The slopeback tender was developed to give the engineer better rearward visibility for switching moves. An engineer could usually see his own rear coupler. The tender couldn't hold nearly as much water as a regular tender, but switchers rarely were far from water anyway so it wasn't a problem.
The Aristo Slopeback tender comes with a basic analog sound system. The only sound that it makes is a chuff which is not very well synchronized with the engine speed. It sounded ok until I began to install digital sound systems in other locos when it paled by comparison.
I elected to install a Soundtraxx Sierra system in the tender behind an Aristo Rogers 2-4-2. Since Sierra doesn't have a sound system customized for this loco, I just listened to the sound samples on the Soundtraxx web site until I found one that I liked and didn't have already. I ended up with the sound for an EBT 2-8-2.
The first thing that I did was strip everything out of the existing tender. There was nothing there that I wished to retain except for the power wires from the trucks. The 2" speaker is a good one for its size, but I wanted a bigger one, and the stock speaker is not mounted to provide the best sound output. The sound board itself was scrapped. Even the power switch is not usable because it has only one pole and I prefer to disconnect both the track power and the battery when the system is turned off. This takes a dual pole switch.
The 3" speaker supplied with the Sierra can mount over the ring in the tender floor, but I chose to use a better oval speaker that typically comes with computer speaker sets. Look for a sale for "non-amplified" computer speakers and junk the cabinets. The speakers are fine. I saw a set advertised for $0.99 on sale at Fry's Electronics.
The oval speaker was too tall to mount in the existing speaker location, so I choose to mount the speaker toward the front of the tender and to mount the battery where the old speaker was. This is especially convenient because the Sierra board itself can be mounted on the back of the speaker so that it is accessible through the coal load. The coal load unlatches by pushing the water hatch to the rear. This makes it unnecessary to mount a remote volume control switch. An array of holes needs to be drilled under the new speaker location to let the sound out. The speaker didn't fit until some grinding was done on the old speaker ring.
The new speaker covers over the hole where the wiring to the front truck used to go. Since there are now only 2 wires, they were rerouted up through two of the old speaker holes. The rest of the holes were plugged with hot glue. The hole for the rear truck wiring is plugged by covering it with electrical tape.
The rear headlight runs from track power and is non directional. It used to plug into the sound board to pick up its power. Since I don't like to hardwire the tender shell to the tender floor, I removed the two pin connector from the old sound board and soldered wires to the pins that were in the board and then wired it to track power. A 1N4000 type 1 amp rectifier diode can be added in series with the rear light to make it directional if desired. If it comes on in the wrong direction, just reverse the diode.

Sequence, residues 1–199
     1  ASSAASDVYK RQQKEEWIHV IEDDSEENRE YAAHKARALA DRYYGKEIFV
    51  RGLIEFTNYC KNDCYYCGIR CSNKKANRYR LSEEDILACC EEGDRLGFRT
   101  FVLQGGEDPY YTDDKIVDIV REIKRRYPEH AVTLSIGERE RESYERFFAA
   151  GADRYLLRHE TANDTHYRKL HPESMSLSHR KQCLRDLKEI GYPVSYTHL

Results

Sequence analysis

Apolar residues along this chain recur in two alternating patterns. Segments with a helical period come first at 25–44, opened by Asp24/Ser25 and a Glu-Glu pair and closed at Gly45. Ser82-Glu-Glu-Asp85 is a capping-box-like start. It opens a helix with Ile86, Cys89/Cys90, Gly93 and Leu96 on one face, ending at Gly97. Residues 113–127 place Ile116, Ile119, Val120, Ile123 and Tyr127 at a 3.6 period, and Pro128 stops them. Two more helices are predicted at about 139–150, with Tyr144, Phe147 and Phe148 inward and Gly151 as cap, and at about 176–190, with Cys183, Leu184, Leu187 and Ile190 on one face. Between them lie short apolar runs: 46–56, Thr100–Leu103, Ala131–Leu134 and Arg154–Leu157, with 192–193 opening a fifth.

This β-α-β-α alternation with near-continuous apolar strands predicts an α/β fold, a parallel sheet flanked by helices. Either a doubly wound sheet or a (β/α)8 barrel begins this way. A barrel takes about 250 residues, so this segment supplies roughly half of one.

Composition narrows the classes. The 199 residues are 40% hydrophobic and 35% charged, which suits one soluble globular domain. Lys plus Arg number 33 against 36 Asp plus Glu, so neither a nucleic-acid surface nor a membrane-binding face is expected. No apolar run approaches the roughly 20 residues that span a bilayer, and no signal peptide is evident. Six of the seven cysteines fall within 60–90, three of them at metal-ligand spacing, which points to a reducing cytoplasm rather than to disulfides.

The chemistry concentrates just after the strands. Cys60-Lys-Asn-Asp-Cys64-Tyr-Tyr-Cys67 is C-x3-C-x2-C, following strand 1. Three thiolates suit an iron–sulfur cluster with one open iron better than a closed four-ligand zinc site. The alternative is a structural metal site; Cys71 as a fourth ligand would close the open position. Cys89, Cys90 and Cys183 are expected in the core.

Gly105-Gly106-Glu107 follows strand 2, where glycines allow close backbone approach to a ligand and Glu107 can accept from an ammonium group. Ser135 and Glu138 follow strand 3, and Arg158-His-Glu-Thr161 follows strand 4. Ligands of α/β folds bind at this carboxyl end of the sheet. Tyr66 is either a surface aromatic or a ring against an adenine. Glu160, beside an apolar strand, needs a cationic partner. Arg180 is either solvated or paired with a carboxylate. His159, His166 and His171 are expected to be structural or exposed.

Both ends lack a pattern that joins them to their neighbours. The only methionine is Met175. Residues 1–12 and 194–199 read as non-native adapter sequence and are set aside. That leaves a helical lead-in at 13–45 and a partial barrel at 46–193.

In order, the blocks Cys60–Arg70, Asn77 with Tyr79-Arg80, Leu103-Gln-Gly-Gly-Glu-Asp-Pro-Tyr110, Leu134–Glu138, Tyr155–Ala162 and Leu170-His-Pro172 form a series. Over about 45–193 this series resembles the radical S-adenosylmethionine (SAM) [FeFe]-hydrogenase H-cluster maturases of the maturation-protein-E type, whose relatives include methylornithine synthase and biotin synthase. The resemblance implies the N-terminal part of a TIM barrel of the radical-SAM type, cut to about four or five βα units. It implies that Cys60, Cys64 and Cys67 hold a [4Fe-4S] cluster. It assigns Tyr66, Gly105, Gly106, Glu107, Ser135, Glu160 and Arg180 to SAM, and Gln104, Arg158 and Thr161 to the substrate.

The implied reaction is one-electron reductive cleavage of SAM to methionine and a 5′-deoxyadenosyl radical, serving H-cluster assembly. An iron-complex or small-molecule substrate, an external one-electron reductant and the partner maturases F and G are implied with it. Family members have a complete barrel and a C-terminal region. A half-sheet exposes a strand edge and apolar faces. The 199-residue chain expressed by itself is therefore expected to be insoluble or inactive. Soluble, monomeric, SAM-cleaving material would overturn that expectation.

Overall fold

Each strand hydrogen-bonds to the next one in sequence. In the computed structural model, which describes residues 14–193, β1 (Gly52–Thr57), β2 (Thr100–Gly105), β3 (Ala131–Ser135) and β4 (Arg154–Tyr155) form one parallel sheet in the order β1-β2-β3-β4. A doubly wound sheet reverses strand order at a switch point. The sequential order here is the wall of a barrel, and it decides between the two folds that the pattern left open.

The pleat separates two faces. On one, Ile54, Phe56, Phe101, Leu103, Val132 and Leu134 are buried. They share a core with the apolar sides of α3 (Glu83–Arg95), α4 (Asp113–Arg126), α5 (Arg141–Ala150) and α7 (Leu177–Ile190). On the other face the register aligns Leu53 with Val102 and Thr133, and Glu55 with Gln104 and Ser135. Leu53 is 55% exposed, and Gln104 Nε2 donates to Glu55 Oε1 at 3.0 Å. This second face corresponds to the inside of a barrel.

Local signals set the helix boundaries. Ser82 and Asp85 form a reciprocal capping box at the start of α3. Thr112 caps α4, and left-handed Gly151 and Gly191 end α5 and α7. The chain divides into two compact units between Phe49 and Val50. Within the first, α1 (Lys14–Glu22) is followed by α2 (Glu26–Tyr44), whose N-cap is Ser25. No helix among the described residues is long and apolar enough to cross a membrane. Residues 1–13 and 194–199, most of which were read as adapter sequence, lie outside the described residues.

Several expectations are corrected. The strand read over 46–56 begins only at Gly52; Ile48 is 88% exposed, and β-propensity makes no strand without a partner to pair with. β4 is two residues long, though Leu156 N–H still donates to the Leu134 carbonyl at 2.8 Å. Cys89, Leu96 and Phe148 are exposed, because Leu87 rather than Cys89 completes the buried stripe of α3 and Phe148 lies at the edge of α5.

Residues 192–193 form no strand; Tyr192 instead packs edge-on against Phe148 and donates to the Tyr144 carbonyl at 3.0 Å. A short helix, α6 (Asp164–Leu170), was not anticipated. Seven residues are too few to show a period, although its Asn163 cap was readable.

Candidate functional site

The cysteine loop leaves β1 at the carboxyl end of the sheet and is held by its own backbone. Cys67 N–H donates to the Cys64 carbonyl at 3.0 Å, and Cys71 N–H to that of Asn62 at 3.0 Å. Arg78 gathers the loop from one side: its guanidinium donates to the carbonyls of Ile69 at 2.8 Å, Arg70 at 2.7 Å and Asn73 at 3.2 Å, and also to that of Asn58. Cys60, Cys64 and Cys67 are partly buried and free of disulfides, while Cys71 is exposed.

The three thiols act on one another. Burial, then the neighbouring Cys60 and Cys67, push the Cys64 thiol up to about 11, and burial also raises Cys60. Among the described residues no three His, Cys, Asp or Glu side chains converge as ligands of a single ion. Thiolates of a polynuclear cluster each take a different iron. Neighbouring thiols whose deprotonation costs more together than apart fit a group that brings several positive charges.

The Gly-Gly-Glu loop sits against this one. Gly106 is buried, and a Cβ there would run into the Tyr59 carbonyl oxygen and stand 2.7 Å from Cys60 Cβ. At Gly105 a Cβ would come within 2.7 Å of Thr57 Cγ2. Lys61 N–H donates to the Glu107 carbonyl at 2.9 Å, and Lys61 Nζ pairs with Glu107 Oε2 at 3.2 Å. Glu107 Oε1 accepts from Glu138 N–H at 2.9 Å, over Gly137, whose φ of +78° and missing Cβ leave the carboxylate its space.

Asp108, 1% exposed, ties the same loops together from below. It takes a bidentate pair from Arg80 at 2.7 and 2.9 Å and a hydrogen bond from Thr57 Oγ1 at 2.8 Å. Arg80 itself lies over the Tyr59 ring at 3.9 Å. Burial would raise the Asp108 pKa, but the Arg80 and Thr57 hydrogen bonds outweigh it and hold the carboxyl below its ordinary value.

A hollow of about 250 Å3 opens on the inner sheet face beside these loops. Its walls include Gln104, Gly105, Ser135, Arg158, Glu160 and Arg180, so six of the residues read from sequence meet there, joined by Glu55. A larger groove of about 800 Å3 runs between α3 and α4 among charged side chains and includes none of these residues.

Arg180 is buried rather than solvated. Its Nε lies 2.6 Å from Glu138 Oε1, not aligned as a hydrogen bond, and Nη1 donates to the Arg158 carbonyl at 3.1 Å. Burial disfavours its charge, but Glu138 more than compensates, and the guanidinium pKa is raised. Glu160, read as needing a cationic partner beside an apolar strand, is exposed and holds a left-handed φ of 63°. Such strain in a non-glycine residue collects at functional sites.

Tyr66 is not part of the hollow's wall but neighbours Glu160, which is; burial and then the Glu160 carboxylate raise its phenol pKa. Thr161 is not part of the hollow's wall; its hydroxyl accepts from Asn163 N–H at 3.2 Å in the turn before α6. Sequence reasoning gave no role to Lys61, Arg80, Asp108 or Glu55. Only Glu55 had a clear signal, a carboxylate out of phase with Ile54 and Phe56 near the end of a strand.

The Sierra can be set so that its chuff rate is roughly proportional to the engine speed, but this method really doesn't work too well. I prefer to use a synchronized chuff by installing the supplied reed switch and magnets. With 2 magnets on a tender axle, the chuff rate is about 3 chuffs per turn which is fast enough. It also changes with engine speed reliably except when the engine is slipping. It is a lot easier to wire the switch within the tender instead of running wires to the loco and finding a place to mount the switch and magnets.
It is now 2006 and after 6 years of intermittent use, the original 500mA-hr gelcell battery has died. I have replaced it with 5 tabbed NiMH cells to make a new 6 volt battery with 3x the capacity of the original battery. No modifications to the sound system is required, the board will charge the new battery at about 150 mA peak, dropping to less than 100 mA after the battery picks up up a little charge. At this rate, it will take about 15 hours of sitting on energized track to full charge these 1650 mA-hr cells. However, the battery still charges while the sound system is in use so that it will eventually fully charge while running. NiMH cells are a better choice than NiCad for this kind of service because NiMH is less sensitive to being continually charged and discharged.
Tabbed cells are much harder to find than regular AA cells. I got these at Hosfelt for about $2.75 each. The tabs are easy to solder together with the cells arranged plus to minus. Then the whole works is encapsulated in a piece of shrink tubing. It is possible to make a battery stack with non-tabbed batteries, but considerable heat needs to be applied to solder to the battery ends and this heat can damage a battery. The welded on tabs on these cells make soldering easy.
While I was in there, I did add a directionally sensitive headlight circuit. It was easiest to add it to the wiring leading to the headlight itself, the connector plugs into straight track power.
The GIRR Mountain division uses the Aristo Train Engineer system with PWC. Adding a storage capacitor to the diode allows the light to come on brighter sooner. If straight DC track power is used, the capacitor won't help at all. All that is needed then is the diode to make the rear headlight directionally sensitive.
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© 2000-2006 George Schreyer
Created Mar 11, 2000
Last Updated August 19, 2006